I had one extraordinarily bad experience in those 17 years. That was being thrown out of a lab for no reason and with no warning while trying to do a project. One faculty member even suggested that the reason I had been treated so poorly and unjustly was because I was not technically a student within that department (and yet we were all within the same college), that faculty politics was the reason I was being denied an educational opportunity. All I needed to finish my project was a few square feet of space in their lab to store things for another week or so – they confiscated this space without warning one day and refused to budge. I terminated the project and have never been so disgusted in my entire life. I will not be donating any funds to that college, ever. They have lost all of my respect.

Val123's avatar

@fireside Oh, it is!! It’s hard. They’re so dang squirrel, and up until about 3rd or 4th grade they all have to come and tell you what some other kid is doing, even if it’s not affecting the tattler at all!

fireside's avatar

@marauder76 – I like that word play. I definitely would rather teach by walking with someone rather than expecting them to ascend to my level. I’m sure I’ll be in touch about lesson plans and more ideas.

What was one of your favorite lessons to teach that seemed to get a good response from the kids?

@lilikoi – I agree that real world experience can make someone a better teacher. Now that I am 35, I have a much better grasp on how to connect with people and how to relate lessons to practical applications. I can’t imagine trying to do that at 25 without the experiences I have had since then.

@Val123 – that is the kind of stuff that would drive me to the ball peen hammer that SeventhSense mentioned.

sweetteaindahouse's avatar

One of my favorite teachers acts just like a student sometimes. He plays pranks on students and jokes around. He is my AP History teacher. The fact that is a genius in history and can make it fun by the jokes he tells and how he acts is what makes it great.
Just be able to joke around with the students and make learning fun.

marauder76's avatar

@fireside – My favorite unit overall was probably a debate unit I did at the end of each year w/ my 9th graders. It really gave them a chance to sythesize their research, writing, and speaking skills. It was also a ton of fun to teach.

Cupcake's avatar

@fireside I’m glad you finally got back on fluther.

I love you and think you’ll be a great teacher. If you improve one kid’s life 1/100th of how much you have improved mine… it’ll be worthwhile.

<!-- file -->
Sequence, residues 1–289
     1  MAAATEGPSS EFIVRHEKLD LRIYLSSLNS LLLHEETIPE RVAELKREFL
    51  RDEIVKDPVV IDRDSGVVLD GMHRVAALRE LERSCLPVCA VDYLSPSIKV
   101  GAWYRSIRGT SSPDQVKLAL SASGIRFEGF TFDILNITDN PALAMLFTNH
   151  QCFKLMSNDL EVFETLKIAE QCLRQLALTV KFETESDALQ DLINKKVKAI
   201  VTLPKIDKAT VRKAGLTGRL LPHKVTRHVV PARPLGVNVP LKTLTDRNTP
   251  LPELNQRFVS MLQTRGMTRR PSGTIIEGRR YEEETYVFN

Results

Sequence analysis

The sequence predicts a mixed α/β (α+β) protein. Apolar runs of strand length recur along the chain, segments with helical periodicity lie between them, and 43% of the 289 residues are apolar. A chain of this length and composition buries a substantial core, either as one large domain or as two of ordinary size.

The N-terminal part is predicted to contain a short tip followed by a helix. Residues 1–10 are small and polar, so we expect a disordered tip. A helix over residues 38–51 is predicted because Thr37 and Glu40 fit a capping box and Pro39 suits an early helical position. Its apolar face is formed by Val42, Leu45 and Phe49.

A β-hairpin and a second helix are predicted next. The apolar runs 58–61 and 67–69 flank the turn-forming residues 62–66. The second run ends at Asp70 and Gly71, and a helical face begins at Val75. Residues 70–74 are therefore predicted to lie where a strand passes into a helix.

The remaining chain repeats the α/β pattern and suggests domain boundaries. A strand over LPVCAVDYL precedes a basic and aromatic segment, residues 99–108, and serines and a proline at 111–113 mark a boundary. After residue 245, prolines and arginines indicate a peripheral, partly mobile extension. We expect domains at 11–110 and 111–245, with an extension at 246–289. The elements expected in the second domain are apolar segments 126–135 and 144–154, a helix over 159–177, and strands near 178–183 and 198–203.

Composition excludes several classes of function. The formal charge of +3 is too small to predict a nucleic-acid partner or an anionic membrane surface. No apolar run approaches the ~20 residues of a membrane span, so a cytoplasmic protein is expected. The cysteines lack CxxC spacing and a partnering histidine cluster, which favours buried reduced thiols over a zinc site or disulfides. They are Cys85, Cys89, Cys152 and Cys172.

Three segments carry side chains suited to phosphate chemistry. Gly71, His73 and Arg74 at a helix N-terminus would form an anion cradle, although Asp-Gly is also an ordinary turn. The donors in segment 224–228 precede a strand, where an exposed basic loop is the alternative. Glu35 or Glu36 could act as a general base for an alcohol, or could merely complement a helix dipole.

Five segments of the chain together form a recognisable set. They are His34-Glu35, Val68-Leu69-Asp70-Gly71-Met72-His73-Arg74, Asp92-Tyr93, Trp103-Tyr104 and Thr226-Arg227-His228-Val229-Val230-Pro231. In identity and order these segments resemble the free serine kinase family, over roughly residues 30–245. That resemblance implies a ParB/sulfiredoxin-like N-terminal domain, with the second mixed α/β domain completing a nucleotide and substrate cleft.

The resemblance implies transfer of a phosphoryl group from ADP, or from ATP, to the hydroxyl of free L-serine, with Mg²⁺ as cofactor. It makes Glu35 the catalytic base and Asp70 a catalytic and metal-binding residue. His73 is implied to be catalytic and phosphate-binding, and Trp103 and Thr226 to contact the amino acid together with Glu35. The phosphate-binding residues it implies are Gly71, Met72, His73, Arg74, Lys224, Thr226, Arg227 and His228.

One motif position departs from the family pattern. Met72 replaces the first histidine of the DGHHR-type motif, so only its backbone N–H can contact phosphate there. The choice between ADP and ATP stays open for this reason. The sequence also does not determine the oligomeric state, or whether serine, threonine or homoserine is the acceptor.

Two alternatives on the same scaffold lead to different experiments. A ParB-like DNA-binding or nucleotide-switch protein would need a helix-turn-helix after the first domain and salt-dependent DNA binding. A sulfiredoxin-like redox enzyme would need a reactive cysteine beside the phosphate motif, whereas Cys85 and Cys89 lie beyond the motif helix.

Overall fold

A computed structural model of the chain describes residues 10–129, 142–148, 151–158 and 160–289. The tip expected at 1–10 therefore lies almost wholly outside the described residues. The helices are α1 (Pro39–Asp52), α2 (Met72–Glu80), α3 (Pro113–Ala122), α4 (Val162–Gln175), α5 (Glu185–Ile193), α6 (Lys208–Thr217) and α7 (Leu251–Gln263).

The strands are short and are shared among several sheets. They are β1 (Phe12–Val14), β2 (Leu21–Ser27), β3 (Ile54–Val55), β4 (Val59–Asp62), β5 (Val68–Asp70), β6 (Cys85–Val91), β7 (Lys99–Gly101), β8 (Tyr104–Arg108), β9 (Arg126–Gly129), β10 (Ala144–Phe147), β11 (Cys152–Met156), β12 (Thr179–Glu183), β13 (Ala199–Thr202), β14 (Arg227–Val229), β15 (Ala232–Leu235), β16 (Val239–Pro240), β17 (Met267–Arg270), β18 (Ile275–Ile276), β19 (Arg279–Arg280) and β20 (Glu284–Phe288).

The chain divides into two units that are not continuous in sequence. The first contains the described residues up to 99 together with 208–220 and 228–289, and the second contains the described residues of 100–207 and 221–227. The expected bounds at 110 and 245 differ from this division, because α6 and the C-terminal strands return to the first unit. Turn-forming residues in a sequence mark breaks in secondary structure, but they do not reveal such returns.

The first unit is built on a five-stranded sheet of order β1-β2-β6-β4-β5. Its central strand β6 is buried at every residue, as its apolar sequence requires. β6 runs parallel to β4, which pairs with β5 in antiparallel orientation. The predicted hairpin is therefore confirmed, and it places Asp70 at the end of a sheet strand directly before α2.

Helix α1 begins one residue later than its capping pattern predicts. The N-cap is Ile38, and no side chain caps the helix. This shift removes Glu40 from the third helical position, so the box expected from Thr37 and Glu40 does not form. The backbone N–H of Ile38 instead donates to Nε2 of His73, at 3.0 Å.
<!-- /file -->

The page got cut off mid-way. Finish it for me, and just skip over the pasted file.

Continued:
ChaosCross's avatar

Listens to the kids
Be their friend, but not before you are the teacher
Have mercy often

KatawaGrey's avatar

Do not take yourself too seriously. All of the best teachers I’ve had have been the ones who can make fun of themselves sometimes. Also, remember that high school kids are still kids. It’s fun to build atoms out of marshmallows and toothpicks and it’s really fun to act out the Shakespeare fight scenes with yard sticks.

The most important thing to remember is that the kids are not your enemies.They may not want to be there, but you have to find the balance between acknowledging that they don’t want to be there and that they have to be there.

Christian95's avatar

most important they must be funny to keep students interested(look at Walter Lewin I never get bored at his video lectures even if he says something less interesting he’s always funny)

mattbrowne's avatar

Passion, empathy, social facility including synchrony.

zephyr826's avatar

Showing the students that you care about them. I know it seems like an obvious thing, but the worst experience I had with a teacher in high school was a math teacher who had still not learned my name when parent-teacher conferences came around in March. My best classes have been the ones where I’ve been able to make a connection with the kids outside of class, attending their games and concerts and showing them that I care about the things going on in their lives outside my 50-minute window.
Be prepared to explain things a hundred times more than you ever thought would be necessary. Have different ways to explain things. Repetition is important, but being able to adapt to someone who doesn’t learn the same way you do is also key.

SundayKittens's avatar

GRAMMAR. SPELLING. Organization. Mulit-tasking ability. Empathy. Consistency. Patience. Hip flask.
@SeventhSense BAHAHAHAHA.

dogkittycat's avatar

In my english class we read the book Anthem by Ayn Rand, I found it a very thought provoking book and I’m really excited about the discussion on Monday. I think having students read books like Anthem, Fahrenheit 451 and Shutter Island is great. Each of the books I’ve listed were quite an experience and provoked some interesting discussions and later video projects recreating a part of the book, or writing the sequel. I enjoyed each project like the latest one doing a report on the subject of banned books and how it plays a role in Fahrenheit 451. (while doing this project I realized that nearly every book that my teacher is having us read has been banned at some point or another)
*As for the qualities of a good teacher, Try to make the class unique by doing strange projects, giving students a bit of freedom to change the projects that they do to let them be creative.
*Qualities of a not-so-good teacher, is one who just has students read a book, take notes and submit a report on the book. A teacher should already know all about the book since they read it, projects should be about what the student gets out of reading the book.(which also may encourage students to actually read the book since they can’t get away with a summary off the computer)

evandad's avatar

The best teachers at any level are one who can make the subject interesting.

Val123's avatar

@fireside No kidding. All day long it goes like, this, “OK, what is two plus two? Please raise your hand, no shouting out.” Hands go up. “Jimmy?”
“Mikey is sticking his tongue out at Sarah when she’s not looking!!”

SeventhSense's avatar

I loved the little ones though. They were so eager sweet and open to try anything new . But 7–9th grade…Meh…